So first up is this UH-mazing Rope Bowl DIY. How cool is that?! Seriously, if you need me this weekend I’ll be at the craft store loading up on ridiculous amounts of rope.

Rope Bowl DIY by Gemma Patford

This lovely DIY was created by Gemma Padford for A Pair & A Square. Gemma also makes and sells these baskets in her shop, so if you’re not too handy with a sewing machine, you can still have one for yourself! :)

Found via Poppytalk.

DIY Pocket Warmers

December 13, 2012 | DIY

I had such a great response from the DIY Heat Pack I did a while ago that I thought doing a mini version, perfect for Christmas gifts, was definitely in order!

If you live in the northern hemisphere and winter is descending upon you, I’m sure these sweet little pocket warmers would really come in handy! They’d be a welcome gift for just about anyone (make them from their favourite fabrics and colours!), or would even make the perfect stocking stuffers!

They’re super quick and easy to make, so lets get to it!

Here’s what you’ll need:

– Cotton fabric
– Uncooked rice
– Essential oil (optional)
– Pinking Sheers
– Fabric Scissors
– Pencil (normal, or fabric pencil)
– Sewing machine and thread
– Something round to trace around
– Funnel (optional)

Step 1.
Start by choosing your front and back fabrics, and place them wrong sides together. Use something round to trace a circle onto the fabric using your pencil. Keep in mind that this will be the line you sew around (mine was approx. 7cm (2 3/4″) diametre).

Step 2.
Cut out a square of fabric around your circle, making sure to leave at least 3cm (1″) around the outside. At this point, if you’d like to embroider anything onto your fabric you can. I just used some wool to highlight some of the flowers, but this is totally optional.

Step 3.
Sew around the circle as carefully as you can, leaving a small gap (approx. 1.5cm or 1/2″) wide in the stitching – this is where you’ll pour the rice.

Step 4.
If you’re using essential oil, place some rice into a bowl and add a drop or two of oil, mix. Pour the rice through the hole you left in the stitching (a funnel might help here), and fill the circle until it’s sufficiently full but not bursting. Take it back to the sewing machine and close up the hole.

Step 5.
Cut around the outside of the circle (not too close to the stitching) using your pinking sheers.

That’s it! Now go throw them in the microwave for 30 seconds to a minute, pop them in your pockets, and feel the warmth :)

Note: It’s probably a good idea to put them on a plate in the microwave to help keep them clean.

And as always, you can find all my other DIYs over here :)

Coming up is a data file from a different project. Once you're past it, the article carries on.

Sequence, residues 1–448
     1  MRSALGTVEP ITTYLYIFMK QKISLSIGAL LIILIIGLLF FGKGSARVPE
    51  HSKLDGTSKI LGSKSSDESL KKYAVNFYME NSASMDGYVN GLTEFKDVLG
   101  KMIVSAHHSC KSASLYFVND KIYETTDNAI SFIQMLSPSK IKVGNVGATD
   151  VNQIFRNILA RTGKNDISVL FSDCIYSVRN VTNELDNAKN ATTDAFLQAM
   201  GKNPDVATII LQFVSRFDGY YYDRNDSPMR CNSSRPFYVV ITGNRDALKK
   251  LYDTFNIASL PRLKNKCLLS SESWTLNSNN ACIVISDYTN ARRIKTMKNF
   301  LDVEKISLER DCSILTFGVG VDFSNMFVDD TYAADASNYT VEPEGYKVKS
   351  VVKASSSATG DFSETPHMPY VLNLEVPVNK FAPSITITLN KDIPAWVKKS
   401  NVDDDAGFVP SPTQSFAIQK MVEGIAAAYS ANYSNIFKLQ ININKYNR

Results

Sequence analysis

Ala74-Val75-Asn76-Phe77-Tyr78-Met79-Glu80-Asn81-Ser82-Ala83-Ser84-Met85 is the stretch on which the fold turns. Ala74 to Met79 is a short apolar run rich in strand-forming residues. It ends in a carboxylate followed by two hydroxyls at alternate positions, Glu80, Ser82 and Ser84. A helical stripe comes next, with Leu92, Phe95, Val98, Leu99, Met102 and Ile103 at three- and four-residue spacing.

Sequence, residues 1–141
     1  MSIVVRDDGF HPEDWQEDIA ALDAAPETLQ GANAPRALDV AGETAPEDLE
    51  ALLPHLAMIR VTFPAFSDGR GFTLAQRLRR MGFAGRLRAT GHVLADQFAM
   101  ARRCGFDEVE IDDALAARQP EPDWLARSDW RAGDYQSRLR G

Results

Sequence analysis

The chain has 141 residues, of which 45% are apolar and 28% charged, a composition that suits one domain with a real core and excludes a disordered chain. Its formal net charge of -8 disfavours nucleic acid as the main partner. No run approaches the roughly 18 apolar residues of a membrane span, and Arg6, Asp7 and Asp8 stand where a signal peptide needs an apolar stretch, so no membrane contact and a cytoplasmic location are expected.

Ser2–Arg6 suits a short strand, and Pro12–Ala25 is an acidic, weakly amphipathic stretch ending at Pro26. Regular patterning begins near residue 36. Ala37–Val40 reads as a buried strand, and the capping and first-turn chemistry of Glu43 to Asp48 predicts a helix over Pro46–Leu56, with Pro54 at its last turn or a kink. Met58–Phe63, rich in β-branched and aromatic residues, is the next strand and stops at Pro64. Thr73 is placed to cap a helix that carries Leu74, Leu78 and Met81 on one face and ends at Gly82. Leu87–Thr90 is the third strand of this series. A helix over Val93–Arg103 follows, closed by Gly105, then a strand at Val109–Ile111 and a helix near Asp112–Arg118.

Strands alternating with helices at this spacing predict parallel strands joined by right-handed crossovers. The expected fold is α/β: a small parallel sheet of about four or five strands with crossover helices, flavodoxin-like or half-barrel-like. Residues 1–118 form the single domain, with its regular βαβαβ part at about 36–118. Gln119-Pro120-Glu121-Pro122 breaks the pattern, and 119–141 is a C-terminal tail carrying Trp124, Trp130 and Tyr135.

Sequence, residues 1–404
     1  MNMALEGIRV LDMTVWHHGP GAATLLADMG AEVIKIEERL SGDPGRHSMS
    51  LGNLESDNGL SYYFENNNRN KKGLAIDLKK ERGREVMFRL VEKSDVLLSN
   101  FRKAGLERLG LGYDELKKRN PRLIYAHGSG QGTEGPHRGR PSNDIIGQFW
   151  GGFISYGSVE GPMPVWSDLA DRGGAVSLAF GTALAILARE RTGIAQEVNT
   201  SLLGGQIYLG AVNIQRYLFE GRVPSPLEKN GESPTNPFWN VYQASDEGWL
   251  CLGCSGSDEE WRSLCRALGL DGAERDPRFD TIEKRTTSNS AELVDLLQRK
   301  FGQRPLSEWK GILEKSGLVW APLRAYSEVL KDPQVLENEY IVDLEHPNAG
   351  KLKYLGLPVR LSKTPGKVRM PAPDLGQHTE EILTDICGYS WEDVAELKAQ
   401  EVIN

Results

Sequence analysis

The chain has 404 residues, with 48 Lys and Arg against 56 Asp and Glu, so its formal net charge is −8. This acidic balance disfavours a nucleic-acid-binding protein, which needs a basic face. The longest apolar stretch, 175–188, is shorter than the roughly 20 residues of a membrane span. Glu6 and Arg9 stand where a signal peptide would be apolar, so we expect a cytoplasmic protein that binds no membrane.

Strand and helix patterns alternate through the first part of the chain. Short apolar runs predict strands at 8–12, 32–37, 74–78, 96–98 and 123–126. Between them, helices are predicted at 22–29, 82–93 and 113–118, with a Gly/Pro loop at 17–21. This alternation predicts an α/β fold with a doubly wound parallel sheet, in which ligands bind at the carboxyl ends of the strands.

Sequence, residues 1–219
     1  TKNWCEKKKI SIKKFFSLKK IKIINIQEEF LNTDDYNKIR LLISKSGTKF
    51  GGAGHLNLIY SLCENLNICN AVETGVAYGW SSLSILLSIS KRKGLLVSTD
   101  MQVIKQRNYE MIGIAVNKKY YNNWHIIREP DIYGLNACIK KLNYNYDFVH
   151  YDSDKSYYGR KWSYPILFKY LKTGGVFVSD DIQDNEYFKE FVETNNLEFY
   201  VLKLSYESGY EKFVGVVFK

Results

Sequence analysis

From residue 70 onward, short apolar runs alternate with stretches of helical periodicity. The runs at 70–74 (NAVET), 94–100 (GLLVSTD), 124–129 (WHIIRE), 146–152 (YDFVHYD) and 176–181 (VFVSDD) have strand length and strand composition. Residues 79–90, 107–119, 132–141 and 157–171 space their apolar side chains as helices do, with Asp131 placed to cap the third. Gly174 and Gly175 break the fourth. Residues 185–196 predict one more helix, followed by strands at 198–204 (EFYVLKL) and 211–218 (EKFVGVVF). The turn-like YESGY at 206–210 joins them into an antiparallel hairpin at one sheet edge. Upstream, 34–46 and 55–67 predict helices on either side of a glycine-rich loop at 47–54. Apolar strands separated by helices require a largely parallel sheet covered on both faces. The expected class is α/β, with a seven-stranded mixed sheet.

DIY Heat Pack

September 27, 2012 | DIY

I had a belly ache the other day and decided a heat pack would be the only rememdy… except we didn’t own one. Cue sad face.

So I went hunting for a DIY. There are stacks out there, but this one on The Johnston’s blog was what I referenced before I started. You can make so many versions of this once you know how – like not creating segments, adding different oils, or even adding herbs and tea. I decided to give the segmented pack a go, and added lemongrass oil because I had it here with me.

Here’s what you’ll need:

– Cotton Fabric
– Matching thread
– Sewing machine
– Scissors
– Uncooked rice (I used 2.5 – 3 cups)
– Essential Oil (optional)

Step 1.
Cut your fabric into two strips about 16″ x 7″ (40 x 18cm). With right sides together, pin and sew 1.5 cm (5/8″) in from the edges, leaving a small gap of around 5 cm (2″) on one edge.

Step 2.
Trim corners, turn your bag right-side out and use a pencil to push out the corners from the inside. Iron.

Step 3. (optional)
Measure and mark out your bag into 4 equal sections along the length. You want to sew these dividing lines, but not right to the edge – leave around 2 – 2.5 cm (~1″) free on each end. Sew each line. I also then ran a top-stitch around the edge (quite close to the edge), but still leaving the gap open.

Step 4.
Pour your rice into a bowl and add a few drops of essential oil. Mix.

Step 5.
Using a funnel (if you don’t have one, make one from paper), gradually fill your bag with rice. If you decided to go for the sectioned bag, it will take a bit of work to feed the rice equally into each section.

Step 6.
Once your bag is as full as you’d like it, fold in the open edge of your hole and top stitch it closed.

Step 7.
Once you’re ready to use it, put the bag in the microwave for up to 2 minutes and enjoy! OR you can keep it in the freezer for a cold pack :)

*Note: Some blogs I read recommend putting a glass of water in the microwave with the heat pack to stop the rice burning. Also never leave the heat pack in the microwave unattended, and be very careful removing it from the microwave as it could be quite hot.